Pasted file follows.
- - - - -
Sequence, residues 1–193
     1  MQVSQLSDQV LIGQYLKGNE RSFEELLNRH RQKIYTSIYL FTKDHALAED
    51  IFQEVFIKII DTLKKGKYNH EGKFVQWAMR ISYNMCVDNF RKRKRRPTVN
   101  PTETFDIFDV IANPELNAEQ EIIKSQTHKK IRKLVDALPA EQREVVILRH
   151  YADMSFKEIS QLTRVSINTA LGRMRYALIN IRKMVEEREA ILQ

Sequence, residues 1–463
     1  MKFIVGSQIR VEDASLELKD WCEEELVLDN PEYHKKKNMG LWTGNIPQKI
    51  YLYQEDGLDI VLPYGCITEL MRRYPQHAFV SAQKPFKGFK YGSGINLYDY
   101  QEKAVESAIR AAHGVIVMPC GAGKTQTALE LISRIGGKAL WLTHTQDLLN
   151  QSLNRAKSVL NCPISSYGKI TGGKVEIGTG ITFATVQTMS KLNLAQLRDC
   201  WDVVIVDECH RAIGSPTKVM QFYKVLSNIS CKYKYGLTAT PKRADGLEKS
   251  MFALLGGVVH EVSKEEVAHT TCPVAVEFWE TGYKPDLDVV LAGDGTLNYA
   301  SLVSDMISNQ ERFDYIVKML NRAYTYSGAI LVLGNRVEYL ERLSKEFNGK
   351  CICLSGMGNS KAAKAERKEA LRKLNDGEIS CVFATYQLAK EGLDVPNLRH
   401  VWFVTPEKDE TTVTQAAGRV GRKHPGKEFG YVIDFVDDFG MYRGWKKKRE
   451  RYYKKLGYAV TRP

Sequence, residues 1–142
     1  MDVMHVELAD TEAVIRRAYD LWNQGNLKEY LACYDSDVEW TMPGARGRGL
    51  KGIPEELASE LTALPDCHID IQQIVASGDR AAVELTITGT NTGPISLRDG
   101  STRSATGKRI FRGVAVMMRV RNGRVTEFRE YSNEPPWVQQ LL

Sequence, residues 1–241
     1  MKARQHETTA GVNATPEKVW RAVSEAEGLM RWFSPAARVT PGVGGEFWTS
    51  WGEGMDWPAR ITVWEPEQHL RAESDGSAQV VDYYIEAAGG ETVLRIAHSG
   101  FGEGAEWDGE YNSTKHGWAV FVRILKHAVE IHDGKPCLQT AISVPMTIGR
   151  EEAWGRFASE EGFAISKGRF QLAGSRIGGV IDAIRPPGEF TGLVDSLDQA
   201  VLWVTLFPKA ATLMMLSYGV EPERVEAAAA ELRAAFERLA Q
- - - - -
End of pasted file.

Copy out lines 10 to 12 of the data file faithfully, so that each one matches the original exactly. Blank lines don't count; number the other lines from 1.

   151  QSLNRAKSVL NCPISSYGKI TGGKVEIGTG ITFATVQTMS KLNLAQLRDC
   201  WDVVIVDECH RAIGSPTKVM QFYKVLSNIS CKYKYGLTAT PKRADGLEKS
   251  MFALLGGVVH EVSKEEVAHT TCPVAVEFWE TGYKPDLDVV LAGDGTLNYA